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Electronic Logging Devices: Are These Blessings or Burdens?

Electronic Logging Devices: Are These Blessings or Burdens?

Trucking can be a tricky profession to work in whether you’re a driver or the manager of a shipping company. It’s important to keep track of how long a driver is on the road for a number of reasons. While this practice can help drivers log their time more accurately, it can also help companies ensure they comply with safety regulations related to hours of service.

Electronic logging devices will become mandatory for shippers in late 2017, and many are wondering exactly what this type of change will entail and how it will affect the industry. While some are viewing it as a hardship that will negatively impact drivers, others view it as a way to streamline regulatory compliance and ensure drivers get paid adequately for their time.

ELDs have always been an option, but many companies and truckers utilize paper logs or even software in order to log their time. Even though service regulations are designed to ensure drivers don’t become fatigued behind the wheel, many truckers have voiced their desire for a more precise and reliable method for recording time on the road. While this will require many shippers to change out their equipment and become acclimated to the new technology, many are worried that such changes will hinder their business.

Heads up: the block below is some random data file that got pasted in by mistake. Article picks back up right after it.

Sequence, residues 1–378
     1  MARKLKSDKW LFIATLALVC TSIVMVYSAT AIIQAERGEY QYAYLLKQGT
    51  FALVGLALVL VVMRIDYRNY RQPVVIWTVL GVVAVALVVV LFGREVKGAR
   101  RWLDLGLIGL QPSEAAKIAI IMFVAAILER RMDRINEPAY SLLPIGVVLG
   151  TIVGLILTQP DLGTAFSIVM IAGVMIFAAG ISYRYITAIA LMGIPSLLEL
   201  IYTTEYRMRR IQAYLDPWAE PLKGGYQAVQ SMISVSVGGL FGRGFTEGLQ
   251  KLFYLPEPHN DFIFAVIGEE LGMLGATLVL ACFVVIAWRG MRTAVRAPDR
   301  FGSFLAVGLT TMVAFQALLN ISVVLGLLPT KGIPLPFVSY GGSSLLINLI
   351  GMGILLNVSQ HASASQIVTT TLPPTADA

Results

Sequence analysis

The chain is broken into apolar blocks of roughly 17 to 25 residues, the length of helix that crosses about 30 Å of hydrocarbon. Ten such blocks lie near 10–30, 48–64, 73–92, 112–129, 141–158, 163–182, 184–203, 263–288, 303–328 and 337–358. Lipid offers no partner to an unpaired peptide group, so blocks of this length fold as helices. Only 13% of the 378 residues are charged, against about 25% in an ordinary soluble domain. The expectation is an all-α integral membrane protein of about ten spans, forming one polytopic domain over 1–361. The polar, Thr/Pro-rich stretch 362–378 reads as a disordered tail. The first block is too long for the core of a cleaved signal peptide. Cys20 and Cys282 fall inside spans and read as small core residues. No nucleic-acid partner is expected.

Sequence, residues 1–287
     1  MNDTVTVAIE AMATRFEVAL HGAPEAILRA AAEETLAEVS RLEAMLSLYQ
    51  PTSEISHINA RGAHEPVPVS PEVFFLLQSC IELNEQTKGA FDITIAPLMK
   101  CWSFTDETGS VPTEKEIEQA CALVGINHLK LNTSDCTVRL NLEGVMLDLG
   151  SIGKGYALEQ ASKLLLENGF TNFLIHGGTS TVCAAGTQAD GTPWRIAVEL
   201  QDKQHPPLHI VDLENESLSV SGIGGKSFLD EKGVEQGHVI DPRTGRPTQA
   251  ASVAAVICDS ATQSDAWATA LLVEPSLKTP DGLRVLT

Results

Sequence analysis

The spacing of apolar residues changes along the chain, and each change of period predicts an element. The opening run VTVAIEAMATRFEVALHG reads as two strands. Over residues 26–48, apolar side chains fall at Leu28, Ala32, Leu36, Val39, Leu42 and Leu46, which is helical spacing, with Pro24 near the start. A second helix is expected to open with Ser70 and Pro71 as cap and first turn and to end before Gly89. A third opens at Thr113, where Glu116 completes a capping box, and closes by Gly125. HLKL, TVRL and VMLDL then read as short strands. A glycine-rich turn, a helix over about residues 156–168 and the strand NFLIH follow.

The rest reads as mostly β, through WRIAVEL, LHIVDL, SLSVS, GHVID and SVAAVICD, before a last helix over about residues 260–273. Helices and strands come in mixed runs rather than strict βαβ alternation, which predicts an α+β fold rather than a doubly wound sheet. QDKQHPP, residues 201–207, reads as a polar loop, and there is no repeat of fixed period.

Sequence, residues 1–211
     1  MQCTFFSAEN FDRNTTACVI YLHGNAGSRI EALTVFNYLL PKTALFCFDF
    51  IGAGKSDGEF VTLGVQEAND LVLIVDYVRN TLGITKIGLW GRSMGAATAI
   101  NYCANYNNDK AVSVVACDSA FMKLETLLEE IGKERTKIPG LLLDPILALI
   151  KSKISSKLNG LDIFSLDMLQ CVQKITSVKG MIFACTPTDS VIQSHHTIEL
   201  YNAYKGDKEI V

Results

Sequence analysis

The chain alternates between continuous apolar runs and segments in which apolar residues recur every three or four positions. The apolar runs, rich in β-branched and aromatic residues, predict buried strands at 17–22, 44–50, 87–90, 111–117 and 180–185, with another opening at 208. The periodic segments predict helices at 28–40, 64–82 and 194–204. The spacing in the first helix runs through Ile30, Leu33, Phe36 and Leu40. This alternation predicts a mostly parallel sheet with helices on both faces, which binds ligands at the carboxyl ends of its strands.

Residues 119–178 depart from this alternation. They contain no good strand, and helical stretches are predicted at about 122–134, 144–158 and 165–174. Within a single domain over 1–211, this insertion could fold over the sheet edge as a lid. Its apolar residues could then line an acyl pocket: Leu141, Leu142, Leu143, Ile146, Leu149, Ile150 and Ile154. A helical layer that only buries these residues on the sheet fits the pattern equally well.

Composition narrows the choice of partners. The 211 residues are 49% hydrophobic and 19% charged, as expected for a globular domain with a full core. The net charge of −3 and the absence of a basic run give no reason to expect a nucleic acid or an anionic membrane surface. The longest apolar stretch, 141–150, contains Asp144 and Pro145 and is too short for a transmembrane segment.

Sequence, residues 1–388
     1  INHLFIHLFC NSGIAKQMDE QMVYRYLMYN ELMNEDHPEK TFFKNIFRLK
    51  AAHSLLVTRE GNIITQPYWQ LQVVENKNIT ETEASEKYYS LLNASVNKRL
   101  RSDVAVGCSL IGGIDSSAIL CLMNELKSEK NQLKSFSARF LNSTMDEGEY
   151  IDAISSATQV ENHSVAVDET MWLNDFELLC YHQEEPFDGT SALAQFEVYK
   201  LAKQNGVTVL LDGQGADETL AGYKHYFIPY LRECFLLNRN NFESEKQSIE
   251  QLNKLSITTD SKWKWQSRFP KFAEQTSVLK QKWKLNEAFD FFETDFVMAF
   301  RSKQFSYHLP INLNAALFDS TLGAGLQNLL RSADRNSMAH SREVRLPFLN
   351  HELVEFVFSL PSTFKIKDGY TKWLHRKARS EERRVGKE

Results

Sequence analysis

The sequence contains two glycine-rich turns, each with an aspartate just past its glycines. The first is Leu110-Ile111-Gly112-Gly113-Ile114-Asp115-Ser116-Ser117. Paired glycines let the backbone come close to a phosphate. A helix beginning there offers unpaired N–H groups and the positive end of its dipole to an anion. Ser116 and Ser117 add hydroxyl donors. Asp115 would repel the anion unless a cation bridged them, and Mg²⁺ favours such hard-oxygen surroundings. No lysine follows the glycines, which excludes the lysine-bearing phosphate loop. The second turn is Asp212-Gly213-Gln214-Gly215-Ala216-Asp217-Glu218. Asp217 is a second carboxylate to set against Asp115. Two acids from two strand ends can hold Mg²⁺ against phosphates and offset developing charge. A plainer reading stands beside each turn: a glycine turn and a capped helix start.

Some drivers are well-known for working with certain companies or receivers. These types of business relationships are mutually beneficial, and are often subject to very few contractual limitations. But strict regulations on mileage logging could force these types of work arrangements to be more stringent, even if the results are not favorable for those involved.

Given that shipping will be more accurately regulated, companies may have a hard time accommodating certain drivers. However, this can also mean that drivers who do get hired by reputable companies can look forward to better pay and fairer work schedules.

By having an accurate way to log miles and reference totals as needed, drivers gain more leverage from a bargaining standpoint. Those who want to ensure they’re paid fairly and not put into unsafe work situations will find immediate benefits from ELDs.

Though some trucking companies may be opposed to them based on the time it will take to get used to the new changes, drivers can benefit from these changes in a big way. For this reason, many view ELDs as a welcomed upgrade in the industry.

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